Zvonko Karanović’s Surreal Sleepwalkers

January 11, 2021

A photograph of Zvonko Karanović juxtaposed with to the cover of his book Sleepwalkers on a Picnic

If Serbian poet and novelist Zvonko Karanović were a painter, he would be a surrealist. In the forty-one dark prose poems of Sleepwalkers on a Picnic, in English and Serbian parallel texts translated by Biljana D. Obradović (Diálogos Books, 2020), he depicts a dreamlike urban existence in which nameless men fend off angst and emptiness among featureless buildings, generally unsurprised at the bizarre circumstances they find themselves in. A man in a hotel room discusses abstract ideas on the phone with his dead mother, only to be interrupted by naked women who try to strangle him (“In a Hotel Room”); a dog tells a man to create a life, and so he steps into a daydream to don a costume and frighten old women to death (“Picnic”); a traveler stares into a mirror and finds that he is the only passenger on a train in which a disembodied voice makes abstract announcements (“Abandoned by Worlds”).

Karanović’s imagery is vaguely foreboding and indifferent, more Max Ernst than Salvador Dalí.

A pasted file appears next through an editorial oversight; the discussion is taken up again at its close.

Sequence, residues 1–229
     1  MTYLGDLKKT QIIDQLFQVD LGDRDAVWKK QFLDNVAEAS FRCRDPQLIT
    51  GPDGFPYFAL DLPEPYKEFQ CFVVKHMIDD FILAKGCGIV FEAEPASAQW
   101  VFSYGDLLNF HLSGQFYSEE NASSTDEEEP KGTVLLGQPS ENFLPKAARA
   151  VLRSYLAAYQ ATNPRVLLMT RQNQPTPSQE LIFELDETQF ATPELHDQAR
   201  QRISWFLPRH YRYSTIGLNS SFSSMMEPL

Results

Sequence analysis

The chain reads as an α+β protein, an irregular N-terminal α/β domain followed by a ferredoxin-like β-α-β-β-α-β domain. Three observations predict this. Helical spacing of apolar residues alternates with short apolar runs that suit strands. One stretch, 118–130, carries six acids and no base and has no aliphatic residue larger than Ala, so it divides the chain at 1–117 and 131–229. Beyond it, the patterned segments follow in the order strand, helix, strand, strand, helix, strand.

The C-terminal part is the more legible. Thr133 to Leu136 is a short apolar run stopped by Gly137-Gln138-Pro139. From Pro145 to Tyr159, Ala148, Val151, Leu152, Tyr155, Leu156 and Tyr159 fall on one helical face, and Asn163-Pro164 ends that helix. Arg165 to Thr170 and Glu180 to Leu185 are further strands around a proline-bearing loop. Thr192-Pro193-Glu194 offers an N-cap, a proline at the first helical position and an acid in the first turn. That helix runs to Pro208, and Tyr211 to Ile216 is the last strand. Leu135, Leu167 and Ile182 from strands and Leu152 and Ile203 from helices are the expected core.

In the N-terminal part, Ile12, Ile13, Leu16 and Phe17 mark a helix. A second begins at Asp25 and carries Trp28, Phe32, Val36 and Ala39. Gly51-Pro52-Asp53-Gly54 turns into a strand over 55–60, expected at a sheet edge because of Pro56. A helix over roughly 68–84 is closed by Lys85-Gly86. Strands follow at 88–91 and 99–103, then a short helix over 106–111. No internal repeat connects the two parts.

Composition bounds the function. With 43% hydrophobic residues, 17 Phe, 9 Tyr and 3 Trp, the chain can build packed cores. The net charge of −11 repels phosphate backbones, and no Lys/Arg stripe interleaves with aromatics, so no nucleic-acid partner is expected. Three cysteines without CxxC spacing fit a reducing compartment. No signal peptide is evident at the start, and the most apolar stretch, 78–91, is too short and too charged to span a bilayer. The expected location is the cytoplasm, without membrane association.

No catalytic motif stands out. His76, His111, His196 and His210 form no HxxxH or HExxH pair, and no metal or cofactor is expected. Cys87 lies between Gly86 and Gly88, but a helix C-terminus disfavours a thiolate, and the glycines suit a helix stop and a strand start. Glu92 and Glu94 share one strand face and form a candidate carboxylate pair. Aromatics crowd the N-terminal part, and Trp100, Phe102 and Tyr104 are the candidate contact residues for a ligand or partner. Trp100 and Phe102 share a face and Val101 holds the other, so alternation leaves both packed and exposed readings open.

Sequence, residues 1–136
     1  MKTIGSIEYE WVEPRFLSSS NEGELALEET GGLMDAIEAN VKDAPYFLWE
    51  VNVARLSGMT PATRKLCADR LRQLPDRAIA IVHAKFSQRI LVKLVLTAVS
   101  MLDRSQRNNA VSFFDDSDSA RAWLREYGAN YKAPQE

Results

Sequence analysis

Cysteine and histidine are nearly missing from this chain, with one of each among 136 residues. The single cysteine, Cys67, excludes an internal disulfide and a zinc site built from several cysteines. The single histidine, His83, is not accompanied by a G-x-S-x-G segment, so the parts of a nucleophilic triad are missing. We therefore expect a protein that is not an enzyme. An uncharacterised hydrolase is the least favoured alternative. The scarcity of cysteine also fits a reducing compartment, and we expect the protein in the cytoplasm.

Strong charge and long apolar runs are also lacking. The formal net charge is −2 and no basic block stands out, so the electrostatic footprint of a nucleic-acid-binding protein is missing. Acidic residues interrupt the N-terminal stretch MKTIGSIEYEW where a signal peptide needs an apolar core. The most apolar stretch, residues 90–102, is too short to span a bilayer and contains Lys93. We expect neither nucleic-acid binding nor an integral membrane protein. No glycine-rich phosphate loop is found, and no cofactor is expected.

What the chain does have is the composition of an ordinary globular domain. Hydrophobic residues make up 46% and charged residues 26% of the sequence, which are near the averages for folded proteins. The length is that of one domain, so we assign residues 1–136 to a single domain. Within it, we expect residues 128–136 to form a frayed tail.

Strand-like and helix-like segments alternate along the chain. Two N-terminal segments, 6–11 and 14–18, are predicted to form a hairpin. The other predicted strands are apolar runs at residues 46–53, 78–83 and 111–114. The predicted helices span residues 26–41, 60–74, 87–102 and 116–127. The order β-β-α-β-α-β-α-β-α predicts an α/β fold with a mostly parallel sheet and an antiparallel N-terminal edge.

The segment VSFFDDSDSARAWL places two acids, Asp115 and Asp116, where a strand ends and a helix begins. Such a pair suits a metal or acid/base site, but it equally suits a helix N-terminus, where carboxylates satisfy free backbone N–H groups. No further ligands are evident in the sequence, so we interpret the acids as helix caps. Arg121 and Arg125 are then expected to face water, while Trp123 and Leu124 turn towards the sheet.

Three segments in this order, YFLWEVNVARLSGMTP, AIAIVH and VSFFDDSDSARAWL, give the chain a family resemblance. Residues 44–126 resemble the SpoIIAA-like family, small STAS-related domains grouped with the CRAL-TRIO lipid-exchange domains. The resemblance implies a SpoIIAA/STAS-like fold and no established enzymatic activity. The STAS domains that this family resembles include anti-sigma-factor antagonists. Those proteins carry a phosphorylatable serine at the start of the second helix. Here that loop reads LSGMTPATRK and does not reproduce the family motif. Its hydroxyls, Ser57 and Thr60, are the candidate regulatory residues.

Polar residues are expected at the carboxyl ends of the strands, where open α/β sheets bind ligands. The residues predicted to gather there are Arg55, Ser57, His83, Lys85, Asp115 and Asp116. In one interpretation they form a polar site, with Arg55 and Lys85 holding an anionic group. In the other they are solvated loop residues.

Karanović’s imagery is vaguely foreboding and indifferent, more Max Ernst than Salvador Dalí: “The shiny masts of skyscrapers were supporting the tired, drooping sky.” Characters wander through a gray landscape of hotels, bars, shops, hospitals, and apartment buildings, having unplanned encounters with vague archetypes. Karanović’s narrators deliver sentences with a flat and matter-of-fact delivery, unembellished, conveying more detachment than desperation: “He’s riding the escalator up in an airport somewhere. A woman nearby is late for a plane.”

Given the dark, ornate atmosphere Karanović creates, it should come as no surprise that an epigraph by James Tate kicks off the proceedings, or that the poems make allusions to Rimbaud’s A Season in Hell as well as Bolaño, Kafka, and David Lynch. Taken as a whole, the prose poems create an absurd and sobering portrait of modern life. (Editorial note:Rebel with a Cause in Serbia,” Biljana Obradović’s interview with Karanović, appears in the May 2013 issue of WLT.)

Baton Rouge, Louisiana

Angus Woodward’s books of fiction are Down at the End of the River, Americanisation, and Oily. His recent work in graphic memoir appears in Shenandoah, Split Rock Review, Lumina, and Slag Glass City, among others, and is currently being serialized by Hobart. Angus lives, writes, illustrates, and teaches in Baton Rouge.

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